New U.S.-bound cargo security rule to go into effect in January

Published 19 December 2008

Current security regulations required importers and shippers to file entry information with U.S. Customs fifteen days before a ship arrives at a U.S. port; new regulations will require that shippers file much more detailed information — and do so before they even load the merchandise onto their ship at the port of origin; U.S. Customs will demand that suspicious cargo, or cargo about which the information is incomplete, not be loaded

If you are in the shipping business, you may need to do some thinking over the holiday to prepare your company for new U.S. regulation which will take effect next year. DHS has formulated new requirements for importers of ocean cargo entering the United States with the purpose of enhancing port security and ensuring cargo safety. Known as the rule for Import Security Filing and Additional Requirements (10+2), it will come into effect on 25 January 2009. U.S. Customs will commence full enforcement of the new regulation on that day.

Currently, importers are required to file entry information with Customs within fifteen calendar days of the date of arrival of a shipment at a U.S. port of entry. Importers must also submit entry summary information within ten working days of the entry of the merchandise. The new regulation requires Importer Security Filing importers or their agents to provide specific cargo information to Customs at least twenty-four hours before the cargo is loaded aboard a vessel destined to the United States. Importers will be required to submit the following ten data elements:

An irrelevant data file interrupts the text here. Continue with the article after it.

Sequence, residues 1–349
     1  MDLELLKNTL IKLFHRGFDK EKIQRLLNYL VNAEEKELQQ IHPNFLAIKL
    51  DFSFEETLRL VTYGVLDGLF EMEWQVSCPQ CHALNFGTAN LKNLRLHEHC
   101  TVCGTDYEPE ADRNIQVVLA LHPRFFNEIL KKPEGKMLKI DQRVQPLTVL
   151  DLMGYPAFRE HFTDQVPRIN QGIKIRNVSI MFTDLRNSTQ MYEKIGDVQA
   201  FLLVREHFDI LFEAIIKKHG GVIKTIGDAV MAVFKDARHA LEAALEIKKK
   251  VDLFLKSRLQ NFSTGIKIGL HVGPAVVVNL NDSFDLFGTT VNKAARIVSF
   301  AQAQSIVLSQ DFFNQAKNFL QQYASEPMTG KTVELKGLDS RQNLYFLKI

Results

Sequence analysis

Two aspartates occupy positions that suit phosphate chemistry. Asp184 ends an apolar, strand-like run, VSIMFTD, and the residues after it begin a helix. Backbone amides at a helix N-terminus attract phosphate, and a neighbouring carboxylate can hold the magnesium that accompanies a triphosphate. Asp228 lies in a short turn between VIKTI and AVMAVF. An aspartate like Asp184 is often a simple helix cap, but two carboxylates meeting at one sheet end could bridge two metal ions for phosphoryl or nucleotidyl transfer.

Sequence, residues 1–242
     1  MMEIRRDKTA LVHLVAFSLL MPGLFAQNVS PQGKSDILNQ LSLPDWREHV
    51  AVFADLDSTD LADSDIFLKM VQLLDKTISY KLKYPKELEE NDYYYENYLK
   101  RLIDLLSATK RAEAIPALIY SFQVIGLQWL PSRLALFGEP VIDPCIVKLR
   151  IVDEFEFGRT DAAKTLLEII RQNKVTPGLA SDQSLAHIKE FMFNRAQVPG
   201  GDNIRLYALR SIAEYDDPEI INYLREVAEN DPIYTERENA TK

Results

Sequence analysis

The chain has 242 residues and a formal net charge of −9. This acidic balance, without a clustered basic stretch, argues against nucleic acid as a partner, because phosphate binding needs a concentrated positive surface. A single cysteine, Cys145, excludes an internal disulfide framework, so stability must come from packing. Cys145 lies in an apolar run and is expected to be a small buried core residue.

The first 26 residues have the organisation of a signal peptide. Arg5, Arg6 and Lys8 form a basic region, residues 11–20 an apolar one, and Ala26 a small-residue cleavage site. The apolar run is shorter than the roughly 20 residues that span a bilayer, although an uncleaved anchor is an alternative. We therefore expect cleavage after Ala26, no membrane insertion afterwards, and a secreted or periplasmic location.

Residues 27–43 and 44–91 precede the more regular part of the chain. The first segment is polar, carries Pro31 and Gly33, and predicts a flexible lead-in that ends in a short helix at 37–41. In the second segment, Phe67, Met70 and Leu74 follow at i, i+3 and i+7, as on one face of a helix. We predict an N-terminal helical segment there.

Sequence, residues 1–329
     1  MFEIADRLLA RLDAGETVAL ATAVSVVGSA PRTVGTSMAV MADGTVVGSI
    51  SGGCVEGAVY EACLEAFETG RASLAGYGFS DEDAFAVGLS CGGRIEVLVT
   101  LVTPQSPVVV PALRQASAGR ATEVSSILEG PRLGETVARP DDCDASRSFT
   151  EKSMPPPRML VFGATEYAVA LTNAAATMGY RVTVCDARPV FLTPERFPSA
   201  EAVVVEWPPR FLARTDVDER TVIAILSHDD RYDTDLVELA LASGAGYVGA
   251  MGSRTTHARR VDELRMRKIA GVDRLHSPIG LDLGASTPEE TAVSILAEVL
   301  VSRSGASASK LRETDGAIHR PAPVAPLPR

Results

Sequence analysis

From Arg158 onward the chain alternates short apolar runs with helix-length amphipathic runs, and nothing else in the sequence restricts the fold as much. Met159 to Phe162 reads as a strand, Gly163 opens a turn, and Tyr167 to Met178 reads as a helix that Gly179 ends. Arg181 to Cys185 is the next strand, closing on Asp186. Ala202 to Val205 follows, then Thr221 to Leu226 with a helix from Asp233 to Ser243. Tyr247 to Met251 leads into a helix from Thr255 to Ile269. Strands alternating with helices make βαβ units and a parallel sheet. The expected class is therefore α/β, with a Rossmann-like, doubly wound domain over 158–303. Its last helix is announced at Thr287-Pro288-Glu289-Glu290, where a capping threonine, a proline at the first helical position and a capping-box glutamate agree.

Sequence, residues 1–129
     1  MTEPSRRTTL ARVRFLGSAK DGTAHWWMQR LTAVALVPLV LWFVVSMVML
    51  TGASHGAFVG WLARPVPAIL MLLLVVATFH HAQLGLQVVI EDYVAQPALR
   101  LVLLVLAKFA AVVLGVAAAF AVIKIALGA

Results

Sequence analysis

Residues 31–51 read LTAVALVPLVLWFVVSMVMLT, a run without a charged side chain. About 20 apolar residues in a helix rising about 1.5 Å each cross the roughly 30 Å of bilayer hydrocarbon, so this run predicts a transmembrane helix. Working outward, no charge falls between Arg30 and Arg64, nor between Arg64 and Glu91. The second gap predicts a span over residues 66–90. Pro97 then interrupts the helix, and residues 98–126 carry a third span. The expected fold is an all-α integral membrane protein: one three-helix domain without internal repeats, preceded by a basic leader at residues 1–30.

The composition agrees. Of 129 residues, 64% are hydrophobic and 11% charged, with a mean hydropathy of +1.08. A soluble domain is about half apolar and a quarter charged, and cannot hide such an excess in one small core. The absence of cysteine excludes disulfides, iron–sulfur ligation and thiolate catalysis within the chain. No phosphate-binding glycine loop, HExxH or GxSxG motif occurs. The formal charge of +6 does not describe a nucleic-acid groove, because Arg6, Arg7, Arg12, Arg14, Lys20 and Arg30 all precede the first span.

1. Seller
  2. Buyer
  3. Importer of record
  4. Consignee number
  5. Manufacturer or supplier
  6. Ship to Party
  7. Country of Origin
  8. Harmonized Commodity Code
  9. Container Stuffing Location
  10. Consolidator

U.S. Customs will request that the cargo for which this information has not been received in full and in time not be loaded.